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North American Robotics Orders Rise 20% in 2004

Robotic Industries Association

Robots Helping Keep Jobs in North America, Says RIA

Ann Arbor, Michigan -- North American manufacturing companies purchased 14,838 robots valued at nearly $1 billion in 2004, a 20% rise in units over 2003 and the industry’s second best unit total ever, according to new statistics from Robotic Industries Association (RIA), the industry’s trade group headquartered here.

‘‘It’s clear that more and more companies recognize that robots can play a key role in keeping manufacturing jobs in North America,’‘ said Donald A. Vincent, Executive Vice President of RIA.  ‘‘As the capabilities of robots have increased and the overall costs have fallen, manufacturing in North America using robots is an increasingly viable alternative to sending manufacturing jobs overseas to low-cost producers.’‘

Orders by North American automotive manufacturers and suppliers to the auto industry accounted for about 64% of the total in 2004, down from 68% in 2003.  Vincent said this is a strong indicator that robots are gaining traction in a diverse range of non-automotive companies in industries such as food, pharmaceuticals, electronics, aerospace, and life sciences.

‘‘The message is spreading that robots aren’t just for heavy manufacturing companies, or only for large companies,’‘ Vincent explained.  ‘‘At our robotics conferences, we find a growing number of small and medium sized companies attending from industries where robots may be used in relatively small numbers today, such as consumer goods, but have enormous future opportunities for applications like packaging and palletizing.  Indeed, North American orders for packaging and palletizing robots grew 50% in 2004,’‘ Vincent noted.

Small and medium sized companies will be among the target audience when the robotics industry gathers for the biennial International Robots & Vision Show and Conference at the Donald E. Stephens Convention Center in Rosemont (Chicago), Illinois, September 27-29, 2005.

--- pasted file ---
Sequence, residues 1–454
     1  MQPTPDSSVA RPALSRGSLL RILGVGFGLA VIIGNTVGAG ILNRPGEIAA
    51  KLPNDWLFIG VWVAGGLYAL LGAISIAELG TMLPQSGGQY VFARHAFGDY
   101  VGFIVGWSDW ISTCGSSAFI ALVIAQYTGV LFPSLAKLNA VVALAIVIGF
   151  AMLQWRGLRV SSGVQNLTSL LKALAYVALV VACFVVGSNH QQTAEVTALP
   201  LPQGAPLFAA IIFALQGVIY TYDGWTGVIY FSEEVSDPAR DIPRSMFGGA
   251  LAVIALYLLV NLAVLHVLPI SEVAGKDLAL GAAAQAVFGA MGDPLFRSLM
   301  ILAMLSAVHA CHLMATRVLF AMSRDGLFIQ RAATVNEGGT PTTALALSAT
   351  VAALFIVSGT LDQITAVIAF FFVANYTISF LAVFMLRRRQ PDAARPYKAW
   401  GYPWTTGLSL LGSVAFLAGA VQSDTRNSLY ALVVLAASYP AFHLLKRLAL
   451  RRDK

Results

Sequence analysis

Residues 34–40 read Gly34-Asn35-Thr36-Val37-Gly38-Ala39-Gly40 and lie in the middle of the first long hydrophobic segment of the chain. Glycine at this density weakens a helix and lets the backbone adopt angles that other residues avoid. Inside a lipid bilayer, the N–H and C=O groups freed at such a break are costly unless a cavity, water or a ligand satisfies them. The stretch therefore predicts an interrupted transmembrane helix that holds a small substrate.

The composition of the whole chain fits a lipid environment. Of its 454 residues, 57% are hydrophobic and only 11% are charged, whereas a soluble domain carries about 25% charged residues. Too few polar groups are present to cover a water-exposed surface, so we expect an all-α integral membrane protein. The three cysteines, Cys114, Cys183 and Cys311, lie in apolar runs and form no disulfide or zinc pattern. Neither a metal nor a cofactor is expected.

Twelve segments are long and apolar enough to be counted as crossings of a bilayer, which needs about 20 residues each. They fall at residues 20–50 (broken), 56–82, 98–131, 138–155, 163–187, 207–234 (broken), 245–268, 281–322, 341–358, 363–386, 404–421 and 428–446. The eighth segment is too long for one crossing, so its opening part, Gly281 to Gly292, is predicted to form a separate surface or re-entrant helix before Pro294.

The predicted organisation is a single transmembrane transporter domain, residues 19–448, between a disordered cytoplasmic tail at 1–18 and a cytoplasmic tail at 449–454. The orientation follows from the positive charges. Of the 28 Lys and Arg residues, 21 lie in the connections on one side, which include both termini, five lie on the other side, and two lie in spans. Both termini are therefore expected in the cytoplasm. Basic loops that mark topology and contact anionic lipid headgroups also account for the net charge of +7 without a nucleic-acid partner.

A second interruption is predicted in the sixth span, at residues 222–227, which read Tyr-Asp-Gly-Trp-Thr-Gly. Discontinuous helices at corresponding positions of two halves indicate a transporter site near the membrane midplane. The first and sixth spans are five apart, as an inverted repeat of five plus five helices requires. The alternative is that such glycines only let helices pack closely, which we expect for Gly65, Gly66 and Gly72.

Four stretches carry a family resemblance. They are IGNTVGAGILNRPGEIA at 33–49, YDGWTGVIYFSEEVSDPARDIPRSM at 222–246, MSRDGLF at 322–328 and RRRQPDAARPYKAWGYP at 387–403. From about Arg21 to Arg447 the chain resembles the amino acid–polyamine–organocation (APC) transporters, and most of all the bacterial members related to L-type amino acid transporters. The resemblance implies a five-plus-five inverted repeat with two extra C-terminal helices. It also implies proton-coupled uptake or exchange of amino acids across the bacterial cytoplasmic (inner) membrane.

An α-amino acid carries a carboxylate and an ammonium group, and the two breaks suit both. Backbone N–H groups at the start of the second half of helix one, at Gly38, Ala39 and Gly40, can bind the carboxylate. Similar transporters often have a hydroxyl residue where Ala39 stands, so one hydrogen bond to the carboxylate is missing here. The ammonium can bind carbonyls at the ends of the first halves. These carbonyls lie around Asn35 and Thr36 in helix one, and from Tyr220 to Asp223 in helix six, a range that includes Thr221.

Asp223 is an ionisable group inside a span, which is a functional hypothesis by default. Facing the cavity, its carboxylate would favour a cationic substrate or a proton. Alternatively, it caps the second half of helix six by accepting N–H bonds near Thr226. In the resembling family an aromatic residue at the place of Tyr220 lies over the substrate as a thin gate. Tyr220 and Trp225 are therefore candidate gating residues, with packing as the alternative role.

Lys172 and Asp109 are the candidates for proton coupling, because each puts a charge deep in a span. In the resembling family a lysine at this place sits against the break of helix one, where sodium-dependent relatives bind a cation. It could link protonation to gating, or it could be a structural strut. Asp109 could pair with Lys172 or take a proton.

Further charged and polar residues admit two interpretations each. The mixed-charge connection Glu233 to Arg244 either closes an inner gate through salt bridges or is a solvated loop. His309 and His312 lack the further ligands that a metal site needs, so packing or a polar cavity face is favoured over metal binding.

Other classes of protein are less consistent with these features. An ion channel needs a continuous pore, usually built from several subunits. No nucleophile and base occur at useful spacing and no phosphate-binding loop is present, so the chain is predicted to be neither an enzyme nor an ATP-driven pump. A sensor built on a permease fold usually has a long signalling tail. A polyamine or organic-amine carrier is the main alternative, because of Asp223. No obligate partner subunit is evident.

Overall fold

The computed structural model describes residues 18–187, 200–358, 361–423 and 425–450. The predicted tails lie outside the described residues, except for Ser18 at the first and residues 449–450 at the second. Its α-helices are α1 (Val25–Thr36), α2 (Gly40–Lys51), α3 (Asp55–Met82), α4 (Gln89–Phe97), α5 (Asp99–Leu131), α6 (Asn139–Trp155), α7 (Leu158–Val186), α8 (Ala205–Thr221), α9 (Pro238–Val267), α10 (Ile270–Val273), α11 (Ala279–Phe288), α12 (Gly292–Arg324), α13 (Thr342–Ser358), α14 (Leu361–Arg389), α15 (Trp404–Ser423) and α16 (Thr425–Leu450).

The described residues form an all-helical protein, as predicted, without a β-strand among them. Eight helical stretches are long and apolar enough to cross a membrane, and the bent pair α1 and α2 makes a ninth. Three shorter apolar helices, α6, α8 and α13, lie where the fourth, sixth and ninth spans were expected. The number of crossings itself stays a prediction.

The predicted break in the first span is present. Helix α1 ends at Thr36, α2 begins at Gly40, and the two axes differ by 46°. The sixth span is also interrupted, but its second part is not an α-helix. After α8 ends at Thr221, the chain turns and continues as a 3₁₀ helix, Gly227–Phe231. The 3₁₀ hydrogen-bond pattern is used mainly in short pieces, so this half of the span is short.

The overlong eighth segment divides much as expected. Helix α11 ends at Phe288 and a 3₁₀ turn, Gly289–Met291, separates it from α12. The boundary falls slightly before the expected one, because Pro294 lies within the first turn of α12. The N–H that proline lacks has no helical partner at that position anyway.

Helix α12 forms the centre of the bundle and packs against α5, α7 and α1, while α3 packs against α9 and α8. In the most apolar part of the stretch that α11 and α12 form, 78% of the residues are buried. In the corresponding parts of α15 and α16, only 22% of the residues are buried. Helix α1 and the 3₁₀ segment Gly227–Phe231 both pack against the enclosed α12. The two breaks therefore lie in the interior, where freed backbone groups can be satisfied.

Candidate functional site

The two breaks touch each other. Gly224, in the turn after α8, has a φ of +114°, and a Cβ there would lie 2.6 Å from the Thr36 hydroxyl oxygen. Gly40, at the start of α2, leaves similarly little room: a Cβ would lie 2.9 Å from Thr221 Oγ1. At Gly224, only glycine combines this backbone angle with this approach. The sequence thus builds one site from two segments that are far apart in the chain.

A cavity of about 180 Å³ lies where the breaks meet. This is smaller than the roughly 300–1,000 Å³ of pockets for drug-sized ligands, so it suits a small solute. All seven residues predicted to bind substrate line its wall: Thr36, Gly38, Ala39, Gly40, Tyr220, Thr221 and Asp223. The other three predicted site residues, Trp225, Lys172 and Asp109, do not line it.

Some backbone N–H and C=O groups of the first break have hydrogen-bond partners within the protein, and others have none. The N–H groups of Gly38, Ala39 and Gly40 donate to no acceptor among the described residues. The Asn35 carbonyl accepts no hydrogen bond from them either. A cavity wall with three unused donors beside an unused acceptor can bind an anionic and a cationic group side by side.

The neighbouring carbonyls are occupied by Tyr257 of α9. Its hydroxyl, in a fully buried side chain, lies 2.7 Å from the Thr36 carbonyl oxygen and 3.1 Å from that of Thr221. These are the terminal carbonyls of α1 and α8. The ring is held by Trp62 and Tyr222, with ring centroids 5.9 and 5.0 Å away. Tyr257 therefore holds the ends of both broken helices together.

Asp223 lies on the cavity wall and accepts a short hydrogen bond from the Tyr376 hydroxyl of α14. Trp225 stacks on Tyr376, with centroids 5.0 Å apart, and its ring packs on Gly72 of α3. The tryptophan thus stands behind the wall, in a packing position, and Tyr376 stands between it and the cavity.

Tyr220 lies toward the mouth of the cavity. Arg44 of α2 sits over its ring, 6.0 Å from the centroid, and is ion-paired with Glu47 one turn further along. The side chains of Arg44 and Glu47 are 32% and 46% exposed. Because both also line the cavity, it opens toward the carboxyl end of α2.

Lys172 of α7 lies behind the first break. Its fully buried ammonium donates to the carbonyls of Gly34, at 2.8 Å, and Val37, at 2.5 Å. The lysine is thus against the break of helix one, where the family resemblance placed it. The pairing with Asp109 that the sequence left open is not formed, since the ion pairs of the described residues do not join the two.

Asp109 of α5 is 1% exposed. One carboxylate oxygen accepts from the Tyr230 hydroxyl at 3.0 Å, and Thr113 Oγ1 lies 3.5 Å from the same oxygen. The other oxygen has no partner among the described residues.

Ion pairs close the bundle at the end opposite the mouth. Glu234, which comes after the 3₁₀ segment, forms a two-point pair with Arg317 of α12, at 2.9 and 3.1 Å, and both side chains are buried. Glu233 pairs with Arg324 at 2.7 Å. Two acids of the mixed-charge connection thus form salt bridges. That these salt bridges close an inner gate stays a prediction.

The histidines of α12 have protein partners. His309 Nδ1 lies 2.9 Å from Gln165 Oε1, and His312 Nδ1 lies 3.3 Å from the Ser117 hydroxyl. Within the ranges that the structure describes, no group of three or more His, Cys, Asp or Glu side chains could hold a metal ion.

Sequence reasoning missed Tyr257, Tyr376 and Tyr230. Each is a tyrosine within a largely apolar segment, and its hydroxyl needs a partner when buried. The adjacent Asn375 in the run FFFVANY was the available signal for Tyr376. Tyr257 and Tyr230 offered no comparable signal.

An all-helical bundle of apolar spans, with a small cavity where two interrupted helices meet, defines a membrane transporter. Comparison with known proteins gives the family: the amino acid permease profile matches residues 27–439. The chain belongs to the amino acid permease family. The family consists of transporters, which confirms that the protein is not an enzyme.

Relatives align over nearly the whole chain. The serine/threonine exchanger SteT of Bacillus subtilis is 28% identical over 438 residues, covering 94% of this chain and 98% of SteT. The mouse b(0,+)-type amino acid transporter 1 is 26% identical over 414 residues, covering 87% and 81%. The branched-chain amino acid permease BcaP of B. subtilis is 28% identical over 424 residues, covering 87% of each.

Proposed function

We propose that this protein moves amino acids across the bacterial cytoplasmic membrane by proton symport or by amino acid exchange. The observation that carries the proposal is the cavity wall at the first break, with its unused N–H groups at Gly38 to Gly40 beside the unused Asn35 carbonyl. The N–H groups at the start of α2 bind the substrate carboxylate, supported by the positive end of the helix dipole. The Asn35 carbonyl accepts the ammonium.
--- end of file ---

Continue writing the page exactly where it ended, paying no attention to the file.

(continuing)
‘‘In addition to seeing all the latest robotics products, attendees have the chance to attend practical conference sessions that focus on issues like cost justification, successful applications, and systems integration, all of which are especially important to companies considering the use of robots,’‘ Vincent said.  Full information about the show can be found at RIA’s website, www.robotics.org, which also contains in-depth information geared to current and prospective robotics users.

North American robotics companies also saw big gains in orders from companies outside North America in 2004.  A total of 1,291 robots valued at $65 million were ordered, an increase of 152% in units and 78% in revenue.  Overall new orders for the year totaled 16,129 robots valued at $1.06 billion, for gains of 25% in units and 16% in revenue.

The impressive 2004 results follow upon strong gains in 2003, when North American robotics orders grew 19 percent.    However, Vincent was quick to caution that such large gains can’t be expected every year.

‘‘The last two years have been very good in large part due to the pent-up demand during 2001 and 2002 when manufacturing companies were cutting capital equipment expenditures, ‘‘ Vincent said.  ‘‘Once they resumed buying, robots were near the top of their shopping lists, and we’ve seen the results.  Whether or not this continues in 2005 depends upon many economic factors.  However, the long term prospects for the robotics industry remain outstanding.’‘

RIA estimates that some 144,000 robots are now being used in the United States, placing the U.S. second only to Japan in terms of robot use.  The association collects and reports statistics each quarter based upon actual totals provided by member companies, which RIA estimates represents more than 90% of the North American industrial robot market.

Founded in 1974, RIA represents some 225 robot manufacturers, component suppliers, system integrators, end users, research groups, and consulting firms.

For complete details on RIA and the robotics industry, visit www.robotics.org or call RIA Headquarters at 734/994-6088.


Contact:
Jeff Burnstein
(734) 994-6088

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